There are great circle packing algorithms and descriptions out there. Here is a nice video by Daniel Shiffman and here…
Amy also goes through some great ideas for packing too.
Maplands - Amy Goodchild
Maplands is a long-form generative art project I released on fxhash on 5th Jan 2022. It sold out 256 pieces in exactly…
Taking the advice I learned earlier I did end up with something I like, choosing a pallet, and adding both small and large details. I even wrote some code that tries to fake a “painted circle”.
Day #13: 800x80.
Playing around with Perlin noise, based on this great article. Shows how to get different patterns out of simple noise, this one being marble.
Reminds me of my old 3D Studio Max 1.0 days!
Day #14: Something you’d never make.
Again playing around with old noise algos. Tried to make something super ugly.
Day #15: Sand.
Another old-school effect; fire! By simply turning it upside down and changing the color palette we’ve got sand falling into water?
Day #16: Color gradients gone wrong.
The last old-school effect I’ll look at. This time plasma.
Day #17: 3 colors.
- Shape ideas from this generator, and Wikipedia List of Flags by Design.
- Colors from Wikipedia List of Flags by Color and this great visualization of flags by color.
- Turns out most flags have a ratio of 2:3.
There is also this amazing flag that I found. Nothing else like it! Way more than 3 colors so you are not going to see that generated.
Wiphala - Wikipedia
The Wiphala ( Quechua pronunciation: , Spanish: ) is a square emblem commonly used as a flag to represent some native…
Day #18: VHS.
Needed a break today. Could have done a lot more, but I’ve been spending too much time perfecting my circle packing library! Would be easy enough to:
- Get tape to follow correct path
- Add texture to container and other parts
The most interesting thing here is that an easing function is used on the size tape so they spool faster when smaller. The ease function is the same for both spools even though one is growing, and the other shrinking because easing functions work between
0-1 and they grow/shrink like
Day #19: Use text/typography.
Feeling a little burnt out … who knows what’s going on?
Day #20: Make a sea of shapes.
Using the circle packing library I’ve been working on. Put a “boat” on a random walk, destroying anything it hits, and packing circles back in its wake.
- #21: Combine two (or more) of your pieces from previous days to make a new piece.
- #22: Make something that will look completely different in a year.
I’ve been playing with different noise generation, as well as gradient palette lookups.
Here I’ve mixed Perlin noise with some Domain Warped noise and a custom gradient color palette.
Over time the palette will shift so the sea (blue) grows and eventually takes over the land.
Come back in a year and it will be mostly gone. Come back in 3 and there will be no land.
Day #23: Abstract vegetation.
Trying not to spend too much time on these. Using techniques from earlier, I place the red circles using some easy Vectors, rotating by `Math.E` each time. Then just place a bunch of packed circles around, and draw using my previous painterly circle algorithm.
Feels nice to have a library of techniques, even if I’m being lazy here.
Day #24: Create your own pseudo-random number generator and visually check the results.
I have no idea how this works. I tried to read some theory on pseudo-random number generators but it really just went over my head. Instead I just smashed the keyboard for some numbers, added a Sine and Cosine and go this.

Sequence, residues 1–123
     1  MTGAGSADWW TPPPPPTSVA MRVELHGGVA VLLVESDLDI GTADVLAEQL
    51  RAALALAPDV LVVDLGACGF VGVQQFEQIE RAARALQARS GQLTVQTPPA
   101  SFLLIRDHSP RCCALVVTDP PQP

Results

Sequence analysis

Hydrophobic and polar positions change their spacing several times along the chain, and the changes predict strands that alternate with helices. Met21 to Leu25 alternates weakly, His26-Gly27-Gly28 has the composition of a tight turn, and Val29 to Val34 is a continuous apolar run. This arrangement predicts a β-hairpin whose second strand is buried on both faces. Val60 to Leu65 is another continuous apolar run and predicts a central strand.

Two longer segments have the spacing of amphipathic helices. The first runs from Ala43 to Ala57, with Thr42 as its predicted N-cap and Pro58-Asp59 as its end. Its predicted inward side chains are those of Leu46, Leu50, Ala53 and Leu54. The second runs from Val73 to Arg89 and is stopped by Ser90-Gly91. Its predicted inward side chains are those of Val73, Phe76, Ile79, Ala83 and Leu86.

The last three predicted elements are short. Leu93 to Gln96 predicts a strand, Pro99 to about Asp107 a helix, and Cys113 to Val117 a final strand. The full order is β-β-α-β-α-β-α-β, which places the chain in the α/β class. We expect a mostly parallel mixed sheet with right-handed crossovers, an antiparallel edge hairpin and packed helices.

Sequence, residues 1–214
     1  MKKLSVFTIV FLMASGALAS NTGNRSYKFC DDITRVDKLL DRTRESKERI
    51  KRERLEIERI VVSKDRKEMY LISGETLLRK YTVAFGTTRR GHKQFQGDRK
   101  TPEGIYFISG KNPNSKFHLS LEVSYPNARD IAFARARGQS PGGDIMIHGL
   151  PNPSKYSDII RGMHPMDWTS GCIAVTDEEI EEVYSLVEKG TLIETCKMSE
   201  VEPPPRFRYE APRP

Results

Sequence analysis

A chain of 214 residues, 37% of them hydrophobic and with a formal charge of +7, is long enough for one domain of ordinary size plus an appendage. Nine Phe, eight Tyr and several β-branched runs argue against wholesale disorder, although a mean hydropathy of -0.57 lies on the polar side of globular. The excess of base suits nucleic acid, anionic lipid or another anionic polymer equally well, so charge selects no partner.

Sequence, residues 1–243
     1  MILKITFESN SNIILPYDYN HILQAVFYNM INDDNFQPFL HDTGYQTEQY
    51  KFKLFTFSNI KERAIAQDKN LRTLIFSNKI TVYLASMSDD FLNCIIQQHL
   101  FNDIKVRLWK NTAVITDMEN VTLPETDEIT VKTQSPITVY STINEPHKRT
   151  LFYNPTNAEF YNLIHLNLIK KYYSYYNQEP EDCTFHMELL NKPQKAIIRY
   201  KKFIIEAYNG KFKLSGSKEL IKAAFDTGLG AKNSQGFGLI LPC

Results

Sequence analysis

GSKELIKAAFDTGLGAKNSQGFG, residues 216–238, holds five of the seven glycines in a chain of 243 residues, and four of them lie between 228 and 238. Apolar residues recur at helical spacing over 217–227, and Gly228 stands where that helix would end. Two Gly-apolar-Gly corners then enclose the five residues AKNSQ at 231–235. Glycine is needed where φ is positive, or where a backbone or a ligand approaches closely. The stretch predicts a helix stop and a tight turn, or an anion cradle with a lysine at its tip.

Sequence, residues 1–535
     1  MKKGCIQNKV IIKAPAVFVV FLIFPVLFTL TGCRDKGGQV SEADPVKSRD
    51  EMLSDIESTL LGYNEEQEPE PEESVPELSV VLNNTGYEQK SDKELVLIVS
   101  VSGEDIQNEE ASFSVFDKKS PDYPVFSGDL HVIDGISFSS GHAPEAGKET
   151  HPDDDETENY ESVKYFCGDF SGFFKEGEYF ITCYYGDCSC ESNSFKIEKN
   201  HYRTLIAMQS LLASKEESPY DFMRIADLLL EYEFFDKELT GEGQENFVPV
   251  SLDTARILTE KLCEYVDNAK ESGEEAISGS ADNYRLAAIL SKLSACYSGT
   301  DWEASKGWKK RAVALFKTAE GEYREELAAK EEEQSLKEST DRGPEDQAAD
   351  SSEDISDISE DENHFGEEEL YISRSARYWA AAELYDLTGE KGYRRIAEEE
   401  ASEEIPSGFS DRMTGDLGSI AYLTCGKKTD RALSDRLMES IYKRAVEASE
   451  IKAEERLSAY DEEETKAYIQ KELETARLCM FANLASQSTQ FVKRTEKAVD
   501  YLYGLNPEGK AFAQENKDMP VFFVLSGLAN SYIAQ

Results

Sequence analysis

Using Sine and Cosine helps to keep numbers between -1 and 1, and you can simply add an “abs” to get a number between 0 and 1.
Weird. I think it actually works, although it does skew a little towards “1” it seems.
Day #25: Perspective.
This one is again a mashup of many previous days’ works. I really feel I should start on something new now?
Day #26: Airport carpet.
Based on this “great” carpet I started to build a generator. As you can see I got bored at some point and didn’t bother to replicate properly.
I did create a nice little utility that adds “fur” to images though. It simply goes through each pixel possibly draws a line (from the pixel color) a few pixels up, and a few pixels either left or right.
On Twitter there are some really great examples of way better fur/carpet texture generation!
Day #27: #2E294E #541388 #F1E9DA #FFD400 #D90368
Using my previously created libraries including circle packing, fur, painted circles, and new a new one which draws through a series of circles, giving a brush stroke effect.
This was an exploration of how I can use all my utilities together; I did not used the provided prompt colors so well …
You can draw below and see how the brush stroke library works.
I also started to explore some nicer looking uses.
Day #28: Self portrait.
Used my drawing app to create a self portrait. Rendered using draw-through-circles. Added some shading using RoughJS.
Not really generative though.
Day #29: Isometric perspective.
Today started idea started as simply taking day #21 and making it isometric (using some “stolen” code).
Somehow I couldn’t put it down and learned all about Worley Noise, added multiple layers of trees and then, after working out how to create a cheap/lazy normal map from a height map, adding some very dodgy lighting!
It takes quite a while to generate a large plot of land though … optimizations can wait for later.
Day #30+31: Organic looking output using only rectangular shapes / Negative space.
I needed to get out for the the weekend so just threw this together — inspired by images in this physics article. It did not turn out as I wanted, but there are things to do!
And that’s a wrap …
Wow. That was really amazing!
I haven’t been creating like this in years. Like 10 years! So thank you to everyone for the inspiration.
I’ve learned so much and I’m going to take that knowledge and write a bunch of tutorials / explainers on things like circle packing, flow fields, and different kinds of nice noise — there’s so many: Perlin, Cubic, Worley, Simplex and then domain warping to make ’em look super interesting!